Climbing walls these days are increasingly gentrified. Brand new brightly colored holds, wifi, yoga classes, posh coffee. But at the back of an industrial unit in Sheffield lies a reminder of a simpler age. A time when all people wanted was a few holds on a plywood board in a filthy room to pull down on. That time was the mid-1990s, when bouldering was poised for global stardom, to take its rightful place as an equal alongside it's trad and sport counterparts.
Its holds look positively archaic now. The plastic holds of the time were not the ergonomic beauties of today, and the wooden holds are a motley ensemble of sawn up banister rails and random scrap offcuts. Their layout probably a combination of random chance and judicious tweaking, no volumes and clever trick moves here. But what you do have is bags of character.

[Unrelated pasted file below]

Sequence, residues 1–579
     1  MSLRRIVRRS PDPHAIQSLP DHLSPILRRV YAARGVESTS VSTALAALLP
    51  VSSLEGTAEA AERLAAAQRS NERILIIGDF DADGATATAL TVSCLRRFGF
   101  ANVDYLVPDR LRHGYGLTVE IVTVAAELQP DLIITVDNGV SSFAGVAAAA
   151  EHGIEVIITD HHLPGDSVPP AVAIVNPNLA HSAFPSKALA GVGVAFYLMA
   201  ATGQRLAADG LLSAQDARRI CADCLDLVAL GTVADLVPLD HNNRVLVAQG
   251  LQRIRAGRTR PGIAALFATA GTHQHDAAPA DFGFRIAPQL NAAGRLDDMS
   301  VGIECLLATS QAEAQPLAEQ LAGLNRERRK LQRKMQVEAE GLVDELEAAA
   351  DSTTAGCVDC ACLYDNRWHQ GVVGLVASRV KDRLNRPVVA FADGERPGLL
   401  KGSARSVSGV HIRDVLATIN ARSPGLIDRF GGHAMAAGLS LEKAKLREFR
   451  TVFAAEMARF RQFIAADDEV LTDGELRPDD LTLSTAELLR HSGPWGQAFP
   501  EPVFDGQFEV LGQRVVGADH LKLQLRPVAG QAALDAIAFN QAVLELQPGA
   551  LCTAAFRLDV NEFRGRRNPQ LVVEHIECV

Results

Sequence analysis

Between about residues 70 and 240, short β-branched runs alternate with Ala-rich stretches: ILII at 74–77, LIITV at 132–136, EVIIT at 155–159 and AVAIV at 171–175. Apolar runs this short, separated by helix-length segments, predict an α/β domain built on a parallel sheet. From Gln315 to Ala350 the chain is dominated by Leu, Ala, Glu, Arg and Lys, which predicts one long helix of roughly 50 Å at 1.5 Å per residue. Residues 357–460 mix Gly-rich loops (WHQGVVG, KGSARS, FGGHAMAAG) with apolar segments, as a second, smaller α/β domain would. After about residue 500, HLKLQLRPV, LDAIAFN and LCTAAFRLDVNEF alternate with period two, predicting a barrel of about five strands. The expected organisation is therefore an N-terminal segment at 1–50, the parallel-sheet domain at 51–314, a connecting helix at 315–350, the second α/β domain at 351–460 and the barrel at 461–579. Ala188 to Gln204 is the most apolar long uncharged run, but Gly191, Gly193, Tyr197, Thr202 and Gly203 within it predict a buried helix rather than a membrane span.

The passage of time has given this simple wooden creation a dark patina like an antique school desk. Some holds themselves have, in many cases, seen better days. Hundreds of pairs of hands and feet have traced their climbing aspirations across these chunks of resin and roughly cut wood. They have left us today with a not a time capsule from the past, but a evolving piece of climbing history, the like of which we see on every outdoor crag but very little in the world of indoor climbing.
The frequent resets demanded by todays market means that short of searching out the few remaining early '90s Bendcrete "artificial rock" concrete walls there's not much chance you'll find yourself pulling on the same holds that the masters of ten or twenty years ago tested themselves on. But these surviving relics are still out there for anyone inclined to step away from the mainstream. A taste of the past, a hint of the future. Will the concept of the permeant indoor test-piece find a new home in the walls of tomorrow for the new generation of indoor-only climbers? Can accumulated sweat, chalk and grime find a home alongside posh coffee?
They say things come in cycles after all.